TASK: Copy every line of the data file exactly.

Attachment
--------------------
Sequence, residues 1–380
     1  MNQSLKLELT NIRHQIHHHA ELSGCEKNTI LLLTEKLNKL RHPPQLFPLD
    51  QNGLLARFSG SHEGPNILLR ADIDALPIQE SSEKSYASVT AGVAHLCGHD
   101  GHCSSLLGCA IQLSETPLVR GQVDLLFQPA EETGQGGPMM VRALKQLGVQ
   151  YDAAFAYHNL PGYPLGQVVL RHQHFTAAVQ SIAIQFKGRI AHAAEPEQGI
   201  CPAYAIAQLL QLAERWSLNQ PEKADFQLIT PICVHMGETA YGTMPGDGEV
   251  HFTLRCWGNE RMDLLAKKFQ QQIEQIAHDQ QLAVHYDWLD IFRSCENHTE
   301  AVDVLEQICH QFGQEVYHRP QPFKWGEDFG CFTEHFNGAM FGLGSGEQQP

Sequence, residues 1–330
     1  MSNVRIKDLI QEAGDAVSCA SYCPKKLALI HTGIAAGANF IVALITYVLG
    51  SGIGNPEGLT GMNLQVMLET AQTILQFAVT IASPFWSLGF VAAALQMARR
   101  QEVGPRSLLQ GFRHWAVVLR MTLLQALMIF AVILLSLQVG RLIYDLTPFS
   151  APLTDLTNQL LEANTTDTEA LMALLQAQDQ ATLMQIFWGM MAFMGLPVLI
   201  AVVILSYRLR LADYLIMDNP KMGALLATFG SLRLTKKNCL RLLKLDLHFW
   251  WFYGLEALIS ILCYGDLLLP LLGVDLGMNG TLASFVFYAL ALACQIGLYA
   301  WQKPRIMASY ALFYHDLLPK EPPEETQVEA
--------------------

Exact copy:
Sequence, residues 1–380
     1  MNQSLKLELT NIRHQIHHHA ELSGCEKNTI LLLTEKLNKL RHPPQLFPLD
    51  QNGLLARFSG SHEGPNILLR ADIDALPIQE SSEKSYASVT AGVAHLCGHD
   101  GHCSSLLGCA IQLSETPLVR GQVDLLFQPA EETGQGGPMM VRALKQLGVQ
   151  YDAAFAYHNL PGYPLGQVVL RHQHFTAAVQ SIAIQFKGRI AHAAEPEQGI
   201  CPAYAIAQLL QLAERWSLNQ PEKADFQLIT PICVHMGETA YGTMPGDGEV
   251  HFTLRCWGNE RMDLLAKKFQ QQIEQIAHDQ QLAVHYDWLD IFRSCENHTE
   301  AVDVLEQICH QFGQEVYHRP QPFKWGEDFG CFTEHFNGAM FGLGSGEQQP

Sequence, residues 1–330
     1  MSNVRIKDLI QEAGDAVSCA SYCPKKLALI HTGIAAGANF IVALITYVLG
    51  SGIGNPEGLT GMNLQVMLET AQTILQFAVT IASPFWSLGF VAAALQMARR
   101  QEVGPRSLLQ GFRHWAVVLR MTLLQALMIF AVILLSLQVG RLIYDLTPFS
   151  APLTDLTNQL LEANTTDTEA LMALLQAQDQ ATLMQIFWGM MAFMGLPVLI
   201  AVVILSYRLR LADYLIMDNP KMGALLATFG SLRLTKKNCL RLLKLDLHFW
   251  WFYGLEALIS ILCYGDLLLP LLGVDLGMNG TLASFVFYAL ALACQIGLYA
   301  WQKPRIMASY ALFYHDLLPK EPPEETQVEA